I was given the opportunity to interview Bill Thomas about the experience of being a writer and how the Tribes of Eden book can impact the way we care for our aging population. Here is the transcript:
Widera: So what is the connection between the Eden alternative and your new book Tribes of Eden?
Thomas: For the past twenty years the Eden Alternative has been working to make long-term care environments into better places to live and work. About eight years ago I began to see elements of "nursing home life" creeping into society as a whole. I started to wonder about a future where the "tribes of eden" might extend beyond remaking long-term care and begin to challenge the structure of a dystopian society. This book is an exploration of how that might play out-- in the very near future.
Widera: Why do you think it is important to use storytelling as a tool to change the culture of aging? Have you found it to be effective?
Thomas: Storytelling is the only thing that has the power to change the world we live in. It is through stories that we make sense of our lives and the changes that are happening around us. Some people have asked me-- "why did you spend all this time on a novel?" My answer is always, "I am a storyteller, I needed to tell this story."
Widera: If storytelling is important, why science fiction and not non-fiction?
Thomas: I guess "Tribes of Eden" might qualify as science fiction because it is set in the near future but technology plays a very limited role in the story. What it really offers is an examination of trust and the role trust plays in holding society together. I am working on a new non-fiction book right now and I am excited about it but "Tribes of Eden" offers something that readers can only find in novels. It creates a world that readers can become part of it paints a picture of the world as it might be.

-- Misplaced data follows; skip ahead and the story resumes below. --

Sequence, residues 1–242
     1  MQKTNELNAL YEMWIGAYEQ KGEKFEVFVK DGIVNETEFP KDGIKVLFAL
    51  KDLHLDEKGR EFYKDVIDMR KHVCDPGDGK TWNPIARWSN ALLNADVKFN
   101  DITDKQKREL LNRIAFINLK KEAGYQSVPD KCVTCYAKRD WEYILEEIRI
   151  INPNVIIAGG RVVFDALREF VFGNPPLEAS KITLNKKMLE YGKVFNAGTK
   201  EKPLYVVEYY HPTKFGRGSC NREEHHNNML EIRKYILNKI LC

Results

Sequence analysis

Widera: We recently had a discussion on GeriPal on the terminology on aging, and in particular, should we use older adults, seniors, or elders? Some of our readers thought that the term elder might perpetuate aging stereotypes. However, in this book and in your work, you use the term elder and elderhood. Is this something we should all consider doing?
Thomas: First off, I think people have a right to choose what kinds of terms are used to refer to them. Having that privilege is essential to even a basic level of human dignity. Second, our language has a limited and quite dismissive aging-related vocabulary. That said, I use the term "elder" for one simple reason. I believe that there is life beyond adulthood. I believe that it is manifested in a developmental stage called "elderhood." From there it is a short leap to recognizing that a child is a person living in childhood and an adult is a person living in adulthood. Not surprisingly, I see an elder as a person living in elderhood.
In Tribes of Eden it is an alliance between the young and the old that rises up to change the world. That, not surprisingly, it is my hope that elders might have a similar impact in the real world.
Widera: Is there anything else that you think is important for the GeriPal audience to know about your book?
Thomas: Yes, readers, writers and stories are entering into a new relationship. It used to be that panels of experts would judge the worth and value of a book and publishing houses would grant or deny access to an audience. Now, the readers are a big part of the life of a book. Readers determine whether a book rises or falls. We are running a "Join the Ride" campaign over at www.edenunderground.com because we recognize that we are in this with the reader. I like that feeling, it is direct it is authentic and I have found over the years that my readers are passionate people who love to talk about life and what they are learning. I think Tribes of Eden will appeal to them and they will make it a success.
Thanks to Bill Thomas for the interview. To learn more about the book check out the ChangingAging website.
by: Eric Widera